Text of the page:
(L-R) Mikes Valliant (Tuckerman) and Keene (Wood Frog) in search of lunch on Crawford Path after summiting Mt. Washington of the first full day of their adventure.
I take it back. I have never run hills. At least not until this past week's trip to the White Mountains. When moving forward requires your hands to be pulling you upward, along with your legs, then you are running up a hill. That's a lesson I learned. Several times.
Sunday night/Monday morning, Mike Keene and I loaded clothes, gear, water, and gorp into Keene's Expedition and drove 12 hours to Pinkham Notch in the White Mountains of New Hampshire. We arrived sleep-deprived and slap-happy, checked in to the "Wood Frog" room of Pinkham's "Joe Dodge Lodge" and did what sleep-slap combo takers do: went for a 4-mile trail run.
Mike K., a Whites veteran, suggested Old Jackson Road for our run--a 2-mile stretch of the Appalachian Trail, that holds mostly runnable. If you are an idiot, that is, a moniker for which I am qualified. On the way up, the trail rose quickly, and consequently fell just as quickly on the return. It was a glorious run--difficult, scenic, and freeing, especially given that we ran it carrying only a single hand-held water bottle a piece. The White Mountain Guide recommends hikers give themselves two hours to walk the trail, one way. We managed the 4-mile, round-trip in 58:07. A sublime prelude to the next three days, we then dined, family style, at Pinkham for dinner and breakfast the next morning, before leaving clock and cell-phone based comforts and reality behind and below.
To fully appreciate the beauty and simplicity of trail running, I recommend throwing a 20-pound backpack onto your shoulders. We did the math and packed what clothing, gear, food, and water were deemed necessary for the next three days and two nights, knowing we would be having meals and be able to refill water at the Appalachian Mountain Club's huts. On the way up Tuckerman Ravine, pack weigh-in put Keene's at 29-ish pounds, and mine at 23-ish.
Never underestimate having a hiking partner who knows the lay of the land. After a clear sunrise, and a good weather report, Mike recommended we re-route the day to head straight up Tuckerman (known as "Tucks" to the short-of-breath) to summit Mt. Washington. Tucks was my holy-crap, world-bending, reality check-in to the mountains. We climbed past waterfalls, over bridges, up rocks, and we climbed past hikers, shelters, and a ranger station. Then the real climbing began. Bodies of weary, but stoked hikers adorned various break-worthy stretches of Tucks' higher parts. We summited into the parking lot (aka buzzkill) at the top of Mt. Washington in 3:08:55. Other hikers we met and chatted with along the way were impressed with our speed-themed summit time. Emerging from their cars, photo-op tourists looked askew at the lot of us, asking, "did you really just hike up here?"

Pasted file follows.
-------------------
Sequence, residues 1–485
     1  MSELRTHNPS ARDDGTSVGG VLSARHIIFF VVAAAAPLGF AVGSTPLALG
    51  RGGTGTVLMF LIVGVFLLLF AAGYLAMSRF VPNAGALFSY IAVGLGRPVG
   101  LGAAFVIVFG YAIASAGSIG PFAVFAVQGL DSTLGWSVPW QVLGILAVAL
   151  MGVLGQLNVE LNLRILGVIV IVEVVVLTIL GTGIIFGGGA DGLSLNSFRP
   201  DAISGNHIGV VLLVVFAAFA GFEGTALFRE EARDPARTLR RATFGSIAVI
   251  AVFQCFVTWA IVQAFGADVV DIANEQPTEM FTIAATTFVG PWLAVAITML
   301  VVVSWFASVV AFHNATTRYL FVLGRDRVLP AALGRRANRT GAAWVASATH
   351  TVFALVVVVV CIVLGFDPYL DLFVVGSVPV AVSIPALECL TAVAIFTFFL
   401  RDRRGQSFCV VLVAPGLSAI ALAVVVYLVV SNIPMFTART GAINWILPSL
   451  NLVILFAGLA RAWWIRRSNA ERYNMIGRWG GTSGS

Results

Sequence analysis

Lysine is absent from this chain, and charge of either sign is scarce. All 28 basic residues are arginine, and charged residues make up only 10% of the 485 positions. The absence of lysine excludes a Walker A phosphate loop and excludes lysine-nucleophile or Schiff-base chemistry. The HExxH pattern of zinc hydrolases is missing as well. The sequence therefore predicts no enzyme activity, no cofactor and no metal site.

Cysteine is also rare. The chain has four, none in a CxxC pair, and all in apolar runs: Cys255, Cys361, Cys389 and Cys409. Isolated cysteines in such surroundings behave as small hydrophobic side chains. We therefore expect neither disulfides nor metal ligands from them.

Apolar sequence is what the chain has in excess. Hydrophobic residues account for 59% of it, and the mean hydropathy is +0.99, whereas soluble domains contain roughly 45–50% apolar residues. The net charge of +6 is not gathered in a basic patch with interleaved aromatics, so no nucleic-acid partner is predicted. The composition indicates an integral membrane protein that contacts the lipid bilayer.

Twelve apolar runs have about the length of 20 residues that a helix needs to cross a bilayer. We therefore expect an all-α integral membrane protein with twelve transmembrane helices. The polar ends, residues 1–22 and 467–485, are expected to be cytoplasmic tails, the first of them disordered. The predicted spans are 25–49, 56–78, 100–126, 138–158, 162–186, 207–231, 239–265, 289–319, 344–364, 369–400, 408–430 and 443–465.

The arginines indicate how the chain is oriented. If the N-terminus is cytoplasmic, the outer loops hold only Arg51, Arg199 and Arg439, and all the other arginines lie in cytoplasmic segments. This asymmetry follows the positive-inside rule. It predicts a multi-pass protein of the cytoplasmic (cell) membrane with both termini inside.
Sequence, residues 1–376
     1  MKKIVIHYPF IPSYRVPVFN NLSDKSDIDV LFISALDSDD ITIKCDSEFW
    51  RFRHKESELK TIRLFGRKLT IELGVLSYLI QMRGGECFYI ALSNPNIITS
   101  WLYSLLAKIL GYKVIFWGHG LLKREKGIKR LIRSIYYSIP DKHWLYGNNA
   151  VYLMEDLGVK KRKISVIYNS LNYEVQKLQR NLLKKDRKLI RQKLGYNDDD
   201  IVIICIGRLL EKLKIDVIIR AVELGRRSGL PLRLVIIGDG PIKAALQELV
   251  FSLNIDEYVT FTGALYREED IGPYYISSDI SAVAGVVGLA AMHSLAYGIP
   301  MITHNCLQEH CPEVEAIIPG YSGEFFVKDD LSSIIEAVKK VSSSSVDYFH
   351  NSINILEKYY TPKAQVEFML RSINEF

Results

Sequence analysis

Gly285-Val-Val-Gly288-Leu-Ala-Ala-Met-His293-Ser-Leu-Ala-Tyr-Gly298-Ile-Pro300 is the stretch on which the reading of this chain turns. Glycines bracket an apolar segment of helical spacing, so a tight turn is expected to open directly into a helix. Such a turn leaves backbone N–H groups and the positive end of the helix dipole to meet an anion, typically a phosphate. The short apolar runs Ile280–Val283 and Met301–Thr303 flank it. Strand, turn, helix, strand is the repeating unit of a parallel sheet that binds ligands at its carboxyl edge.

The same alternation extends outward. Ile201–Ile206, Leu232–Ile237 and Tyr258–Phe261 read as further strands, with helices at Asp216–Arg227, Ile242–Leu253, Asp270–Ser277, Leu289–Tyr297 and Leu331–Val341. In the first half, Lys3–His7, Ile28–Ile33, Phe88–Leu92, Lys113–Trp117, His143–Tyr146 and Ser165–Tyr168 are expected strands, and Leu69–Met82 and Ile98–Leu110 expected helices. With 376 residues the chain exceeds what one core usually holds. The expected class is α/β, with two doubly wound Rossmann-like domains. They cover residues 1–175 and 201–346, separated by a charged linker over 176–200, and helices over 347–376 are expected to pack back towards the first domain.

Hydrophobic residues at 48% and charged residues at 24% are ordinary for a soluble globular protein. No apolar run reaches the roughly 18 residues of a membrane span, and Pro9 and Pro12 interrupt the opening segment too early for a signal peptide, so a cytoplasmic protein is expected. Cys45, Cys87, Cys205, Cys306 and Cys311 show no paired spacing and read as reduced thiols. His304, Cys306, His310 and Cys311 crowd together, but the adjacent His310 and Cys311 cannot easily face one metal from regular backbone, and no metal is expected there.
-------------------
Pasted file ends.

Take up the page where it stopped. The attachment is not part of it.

Wood Frog working his way up the higher stretch of Tuckerman Ravine. Fielding a question from a group of hikers a couple hundred yards below, the Frog replied, "It gets much worse."
After a quick fill of the hustle atop Washington, we descended down Crawford Path to the Lakes of the Clouds Hut, in search (hope) of soup. We walked and talked for a time with Katherine (whom we met on the way up), an ER nurse and mother of 20s and teen-aged kids, recently returned from hiking in Switzerland, and was backpacking the Whites solo. The off-handed consensus of the Mikes is that she may well be one of the coolest moms on the planet, and certainly an inspiration to (us and) her children.
The Lakes Hut, and the masterful Minestrone therein did not disappoint. Note for dinner parties: combine voraciously hungry dinner guests, with a panoramic view of the mountains from your dinner table, with hearty bread and vegetable-based soup, and you will have the happiest guests possible, and lifetime fans.
With sodium and carb tanks topped off, we continued down Crawford Path, ridge-walking along the tops of mountains, stopping for the occasional jopped draw (sic) from the view and photo-op of the same. En route, we were passed by a jolly, bearded, walking stick-wielding hiker, who spoke enthusiastically, and whom we would later meet at our common destination: Mizpah Springs Hut. Crawford Path is also part of the AT, and the young gent turned out to be a thru-hiker, but more on "Wandering Woody" in the next entry.
Crawford Path is a blast--runnable in stretches, scenic, and after its ridge-walking reputation, not afraid to plunge head-on into the woods to take its travelers to the AMC Hut known as Mizpah Spring. The end of the first full day of our adventure (total miles, 10.5) and the scene for the beginning of the next act...(To be continued)